SPARTANBURG COUNTY, S.C. (WSPA) – Nine people have been charged with defrauding dozens of residents in assisted living facilities in Spartanburg County, with 5 more suspects believed to be involved.

Spartanburg County Sheriff’s Office investigators told 7News that 45 residents from Summit Hills, Woodland place and the Charles Lea Center were victimized out of more than $100,000 collectively.

Deputies said residents were tipped off when they started receiving bills in May of this year, for mobile phones they never purchased.

The sheriff’s office referred to the crimes as a “criminal enterprise,” involving the re-selling of smart phones.

“I’ve been here 31 years and we’ve never had anything like this before,” said Lt. Kevin Bobo of the Spartanburg County Sheriff’s Office.

Clifford Brown, Dushawn Woodson, Tamara Taylor, Davien Rodgers, Sr., Rajshunda Holmes, Tiffany Griffith, Malik Gray, Jonathan Glenn, Tamara Carson (Source: Spartanburg County Sheriff’s Office)

Deputies said Tamara Marqueeshia Shardana Taylor, 27, of Spartanburg, worked at all three facilities.

According to Lt. Bobo, Taylor confessed that she would take pictures of the resident’s intake sheets, which contained their birth dates and social security numbers, and send them to Joshua Jonathan Rashaad Glenn, 25, of Spartanburg.

Lt. Bobo added that Taylor told deputies that Glenn would pay her $20 per picture.

“It blew me away. I mean I can’t believe that somebody would actually do something like that. We work with some vulnerable people who many people would consider some of the most vulnerable people in South Carolina.”

Gerald Bernard, chief executive officer of The Charles Lea Center

Bernard added that Taylor cleared a background check before she was hired, and has since been fired.

“Unfortunately every once in a while you run into something like this and we have no tolerance for that,” Bernard said.

Deputies said Glenn would take the information to Walmart stores in Taylors and Spartanburg as well as Target in Spartanburg. He would then pay third party Verizon or AT&T representatives to “force” the identification portion of wireless phone contracts.

The representatives would use the victims’ information and Glenn would leave the store with one to five smart phones.

“He would pay them to open up a fraudulent account,” Lt. Bobo said.

Glenn would later reportedly take the phones and sell them.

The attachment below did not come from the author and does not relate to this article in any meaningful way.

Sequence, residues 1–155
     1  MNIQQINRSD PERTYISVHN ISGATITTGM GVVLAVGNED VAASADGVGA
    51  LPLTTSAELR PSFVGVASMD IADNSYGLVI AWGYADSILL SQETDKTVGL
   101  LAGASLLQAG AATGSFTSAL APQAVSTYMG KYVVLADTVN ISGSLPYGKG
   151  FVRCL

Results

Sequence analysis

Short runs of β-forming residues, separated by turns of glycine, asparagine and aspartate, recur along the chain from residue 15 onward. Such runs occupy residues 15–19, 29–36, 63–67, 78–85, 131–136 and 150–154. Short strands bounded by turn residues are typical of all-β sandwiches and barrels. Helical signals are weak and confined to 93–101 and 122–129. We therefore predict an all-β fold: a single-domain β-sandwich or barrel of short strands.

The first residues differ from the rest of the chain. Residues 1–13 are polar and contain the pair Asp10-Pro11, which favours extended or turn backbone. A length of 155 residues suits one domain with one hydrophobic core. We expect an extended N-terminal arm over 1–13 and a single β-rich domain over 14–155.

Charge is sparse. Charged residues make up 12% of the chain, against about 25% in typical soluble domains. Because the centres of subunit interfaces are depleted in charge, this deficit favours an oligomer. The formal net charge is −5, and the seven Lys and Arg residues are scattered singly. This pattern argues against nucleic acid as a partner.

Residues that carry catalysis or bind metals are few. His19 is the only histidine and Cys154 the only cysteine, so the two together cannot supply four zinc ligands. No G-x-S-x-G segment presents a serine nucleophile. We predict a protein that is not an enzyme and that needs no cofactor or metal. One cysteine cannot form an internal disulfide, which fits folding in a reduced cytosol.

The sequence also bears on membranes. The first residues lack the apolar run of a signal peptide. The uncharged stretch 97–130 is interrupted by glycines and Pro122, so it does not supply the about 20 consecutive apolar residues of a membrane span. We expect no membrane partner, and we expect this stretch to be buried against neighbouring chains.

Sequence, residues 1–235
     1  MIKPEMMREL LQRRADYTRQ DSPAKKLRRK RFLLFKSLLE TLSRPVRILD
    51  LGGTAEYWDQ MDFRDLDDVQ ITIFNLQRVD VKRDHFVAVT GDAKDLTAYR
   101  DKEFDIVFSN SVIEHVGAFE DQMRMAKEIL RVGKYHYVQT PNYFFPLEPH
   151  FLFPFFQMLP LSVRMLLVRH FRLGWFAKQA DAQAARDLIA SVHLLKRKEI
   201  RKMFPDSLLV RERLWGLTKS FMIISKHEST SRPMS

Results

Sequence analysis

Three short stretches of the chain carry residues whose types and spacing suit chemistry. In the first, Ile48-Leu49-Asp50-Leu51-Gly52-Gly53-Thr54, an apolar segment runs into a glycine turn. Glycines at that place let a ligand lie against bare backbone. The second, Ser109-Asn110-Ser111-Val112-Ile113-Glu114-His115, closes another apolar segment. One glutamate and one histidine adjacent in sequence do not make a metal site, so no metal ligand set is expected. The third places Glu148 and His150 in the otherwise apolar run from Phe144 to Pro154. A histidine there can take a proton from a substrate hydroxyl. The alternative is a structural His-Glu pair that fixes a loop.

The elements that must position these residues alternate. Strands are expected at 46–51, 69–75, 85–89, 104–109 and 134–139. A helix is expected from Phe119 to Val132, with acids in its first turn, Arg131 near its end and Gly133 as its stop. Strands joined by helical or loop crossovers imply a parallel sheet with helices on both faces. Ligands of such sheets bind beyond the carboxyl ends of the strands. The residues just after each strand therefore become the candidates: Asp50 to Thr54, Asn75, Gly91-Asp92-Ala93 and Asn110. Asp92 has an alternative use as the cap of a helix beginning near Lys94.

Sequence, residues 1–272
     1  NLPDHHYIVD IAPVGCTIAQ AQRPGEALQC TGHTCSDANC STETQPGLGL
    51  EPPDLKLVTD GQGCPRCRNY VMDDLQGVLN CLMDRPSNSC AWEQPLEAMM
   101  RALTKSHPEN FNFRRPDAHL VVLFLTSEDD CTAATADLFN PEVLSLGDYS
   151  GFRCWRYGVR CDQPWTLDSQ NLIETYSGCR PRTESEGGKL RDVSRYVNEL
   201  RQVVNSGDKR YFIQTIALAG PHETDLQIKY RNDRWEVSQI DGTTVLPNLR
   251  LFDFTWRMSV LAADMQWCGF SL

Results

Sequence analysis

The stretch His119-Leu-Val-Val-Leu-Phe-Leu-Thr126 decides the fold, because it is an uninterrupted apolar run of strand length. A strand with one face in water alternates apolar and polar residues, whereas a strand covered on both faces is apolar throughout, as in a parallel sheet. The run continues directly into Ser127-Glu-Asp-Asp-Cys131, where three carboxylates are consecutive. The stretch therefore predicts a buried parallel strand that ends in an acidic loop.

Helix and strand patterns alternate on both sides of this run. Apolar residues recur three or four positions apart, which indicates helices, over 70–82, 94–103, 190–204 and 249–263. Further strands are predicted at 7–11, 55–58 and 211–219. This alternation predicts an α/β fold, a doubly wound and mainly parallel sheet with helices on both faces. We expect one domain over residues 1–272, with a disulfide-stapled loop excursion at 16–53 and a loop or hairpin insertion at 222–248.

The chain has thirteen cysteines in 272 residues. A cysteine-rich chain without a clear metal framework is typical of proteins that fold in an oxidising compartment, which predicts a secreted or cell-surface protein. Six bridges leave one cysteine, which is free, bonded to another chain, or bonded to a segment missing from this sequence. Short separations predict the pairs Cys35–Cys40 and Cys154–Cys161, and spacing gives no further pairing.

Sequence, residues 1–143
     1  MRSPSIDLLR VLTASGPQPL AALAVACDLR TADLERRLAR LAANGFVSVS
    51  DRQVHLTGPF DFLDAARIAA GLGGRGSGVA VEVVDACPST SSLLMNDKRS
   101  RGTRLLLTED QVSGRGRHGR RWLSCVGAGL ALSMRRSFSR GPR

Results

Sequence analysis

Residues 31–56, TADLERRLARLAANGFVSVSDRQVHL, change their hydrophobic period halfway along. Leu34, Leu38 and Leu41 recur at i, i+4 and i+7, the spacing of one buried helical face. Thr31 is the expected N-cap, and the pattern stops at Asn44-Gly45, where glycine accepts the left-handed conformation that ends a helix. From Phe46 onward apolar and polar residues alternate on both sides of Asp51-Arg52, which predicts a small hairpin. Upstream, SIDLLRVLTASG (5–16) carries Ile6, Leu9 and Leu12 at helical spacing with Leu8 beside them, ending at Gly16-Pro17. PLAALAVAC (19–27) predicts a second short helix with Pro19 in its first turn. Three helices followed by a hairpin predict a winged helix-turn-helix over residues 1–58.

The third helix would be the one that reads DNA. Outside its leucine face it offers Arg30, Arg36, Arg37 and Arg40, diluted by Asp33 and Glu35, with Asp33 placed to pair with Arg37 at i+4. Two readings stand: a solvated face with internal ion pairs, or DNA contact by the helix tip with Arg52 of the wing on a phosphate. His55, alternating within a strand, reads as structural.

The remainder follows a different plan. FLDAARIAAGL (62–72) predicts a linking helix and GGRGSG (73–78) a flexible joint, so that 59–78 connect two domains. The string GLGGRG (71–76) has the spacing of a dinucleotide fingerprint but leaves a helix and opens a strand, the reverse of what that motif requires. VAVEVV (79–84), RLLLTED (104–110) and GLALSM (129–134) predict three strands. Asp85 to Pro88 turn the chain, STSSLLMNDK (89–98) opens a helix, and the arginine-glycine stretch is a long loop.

Deputies said Glenn posted to Facebook, asking for assisting living facility employees to contact him. He recruited seven people through the post.

A magistrate judge approved 201 warrants for nine suspects, charging them with either financial identity fraud and/or exploitation of a vulnerable adult.

Taylor and Glenn were each charged with financial identity fraud and exploitation of a vulnerable adult for all 45 victims, deputies said.

All nine suspects were terminated from their employers, deputies said.

The sheriff’s office will continue to assist the victims in resolving the fraudulent accounts with Verizon and AT&T.

Eight of the nine suspects have been arrested. Deputies said the following suspects have been arrested:

  • Dushawn Michael Woodson, 38, of Spartanburg, worked as a Verizon and AT&T representative at Target.
  • Tiffany Marie Griffith, 31, of Spartanburg, was a Target employee.
  • Tamara Shante Carson, 29, of Inman.
  • Clifford Ulyess Brown, 24, of Wellford.
  • Malik Divine Gray, 23, of Inman, was a Verizon representative at Walmart.
  • Rajshunda Chenell Ojayeria Holmes, 20, of Spartanburg.
  • Tamara Marqueeshia Shardana Taylor, 27, of Spartanburg.
  • Davien Montrell Rodgers, Sr., 23, of Taylors, SC, worked as a Verizon representative at Walmart.

Deputies said Glenn still at large and wanted.

The sheriff’s office told 7News Thursday that they have identified five additional potential suspects. Two of the people are nursing home employees. The other three were phone representative clerks.

Anyone with information on Glenn’s whereabout should call 911, our Warrant Division at (864) 596-2189, or Crime-Stoppers at 1-888-CRIME-SC. Tipsters can remain anonymous, and if their information leads to an arrest, they will be eligible for a cash reward.